Why a Part-Time Workforce Is the New Normal
Business + Economy

Why a Part-Time Workforce Is the New Normal

Lori Kinney/The Fiscal Times

Darrell McCall, 29, worked full time as a salesperson at Juicy Couture’s flagship store in New York City for two and a half years. He had health insurance and a 401(k). “It was one of the few good jobs on Manhattan’s tony Fifth Avenue,” he says. “I was able to get by.”

That changed last year when Juicy started letting full-time workers go and replacing them with part-timers who accepted lower pay and no benefits, McCall says. According to Yana Walton of the Retail Action Project (RAP), an organization of retail workers dedicated to improving labor conditions, nearly half the employees at the Juicy flagship used to be full-timers. Now, only 19 of the store’s 128 employees work full-time. Juicy Couture could not be reached for comment.

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Last Thursday, RAP staged a protest outside of Juicy Couture’s flagship store in response to the widespread “part-timing” of workers. In addition to Juicy Couture, other retailers like DSW, J.C. Penny and Abercrombie & Fitch have adopted similar policies, says Walton.

The “part-time only” trend picked up steam during the recession, but even though the economy has begun to recover, full time jobs have not. Analysts say one reason is the passage of the Affordable Care Act—commonly called Obamacare—and the mandate that businesses with 50 full-time employees or more must provide health insurance, which has become even more expensive. In January 2006, there were about 4.6 million involuntary part-time workers. In January of 2013, there were about 8.6 million—almost double, according to the BLS.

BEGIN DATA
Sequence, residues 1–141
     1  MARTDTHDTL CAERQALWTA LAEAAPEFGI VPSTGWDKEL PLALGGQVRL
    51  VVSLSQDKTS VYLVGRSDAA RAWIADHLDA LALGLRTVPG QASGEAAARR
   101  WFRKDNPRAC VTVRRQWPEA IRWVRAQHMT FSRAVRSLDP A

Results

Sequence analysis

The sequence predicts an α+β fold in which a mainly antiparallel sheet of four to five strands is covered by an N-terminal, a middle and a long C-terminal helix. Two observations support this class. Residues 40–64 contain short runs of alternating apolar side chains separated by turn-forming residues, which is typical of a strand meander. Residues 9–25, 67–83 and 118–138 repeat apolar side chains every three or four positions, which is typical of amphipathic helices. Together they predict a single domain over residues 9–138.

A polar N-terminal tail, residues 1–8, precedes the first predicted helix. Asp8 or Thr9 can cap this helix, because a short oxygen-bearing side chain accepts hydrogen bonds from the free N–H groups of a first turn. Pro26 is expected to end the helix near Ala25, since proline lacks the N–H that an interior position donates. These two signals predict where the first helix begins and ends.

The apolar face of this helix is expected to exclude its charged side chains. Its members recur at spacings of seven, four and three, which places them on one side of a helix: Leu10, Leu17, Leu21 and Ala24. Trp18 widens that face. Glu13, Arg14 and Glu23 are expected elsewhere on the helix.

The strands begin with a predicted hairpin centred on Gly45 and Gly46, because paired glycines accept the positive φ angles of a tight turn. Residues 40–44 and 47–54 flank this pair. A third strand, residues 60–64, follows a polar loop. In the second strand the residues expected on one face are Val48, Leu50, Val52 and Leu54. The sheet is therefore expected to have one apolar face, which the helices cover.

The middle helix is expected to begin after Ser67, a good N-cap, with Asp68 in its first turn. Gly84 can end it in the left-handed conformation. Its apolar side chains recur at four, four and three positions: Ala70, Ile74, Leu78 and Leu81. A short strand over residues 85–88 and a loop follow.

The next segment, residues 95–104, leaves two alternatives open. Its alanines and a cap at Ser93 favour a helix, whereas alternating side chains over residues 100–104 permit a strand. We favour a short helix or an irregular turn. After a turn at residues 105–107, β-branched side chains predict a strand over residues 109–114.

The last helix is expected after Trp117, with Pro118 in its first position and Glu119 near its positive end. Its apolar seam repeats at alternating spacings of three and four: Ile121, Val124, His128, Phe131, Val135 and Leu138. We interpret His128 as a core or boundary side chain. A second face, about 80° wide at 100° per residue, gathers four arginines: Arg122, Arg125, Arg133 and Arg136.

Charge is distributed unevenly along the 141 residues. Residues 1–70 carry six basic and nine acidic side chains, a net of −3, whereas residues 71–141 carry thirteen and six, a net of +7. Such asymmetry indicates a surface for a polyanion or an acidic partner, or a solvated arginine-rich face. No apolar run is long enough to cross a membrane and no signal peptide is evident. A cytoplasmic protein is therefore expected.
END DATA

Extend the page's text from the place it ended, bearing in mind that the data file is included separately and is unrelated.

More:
“Many employers are looking to make the employment relationship more flexible, and so are increasingly relying on part-time work and a variety of arrangements known as ‘contingent work,’” said Federal Reserve Governor Sarah Bloom Raskin in a speech last month. “[It’s] a sensible response to today’s competitive marketplace…and allows firms to maximize workforce flexibility in the face of seasonal and cyclical forces.”

Before Obamacare, there was no standardized or legally accepted definition of full- or part-time. Under the new act, which takes effect on January 1, 2014, a worker is considered full-time if he or she works at least 30 hours per week.

The practice isn’t limited to the retail industry: Many fast food franchisees of chains such as Burger King, McDonalds and Taco Bell are considering a shift in hiring structures to circumvent the new rules. A 2012 study by the Mercer consulting firm found that of retail and wholesale firms that don’t currently offer insurance coverage, 67 percent “are more inclined to change their workforce strategy so that fewer employees meet that [30 hour a week] threshold” specified in the ACA.

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Low-wage jobs have been growing at a particularly fast clip during the economic recovery, with eating and drinking establishments accounting for almost one in 13 of all American jobs in March. The retail sector employs an additional 14.8 million people, and about 654,000 new retail jobs are expected to be created between 2008 and 2018, according to the National Retail Federation. If more employers reevaluate their workforce strategy, as the Mercer study suggests, more workers will be affected.

More part-time workers could also mean fewer employment protections, notes Raskin. Part-time often receive less pay and fewer benefits than traditional workers, and are much less likely to benefit from labor and employment laws. “[They] often have no real pathway to upward mobility in the workplace,” she said.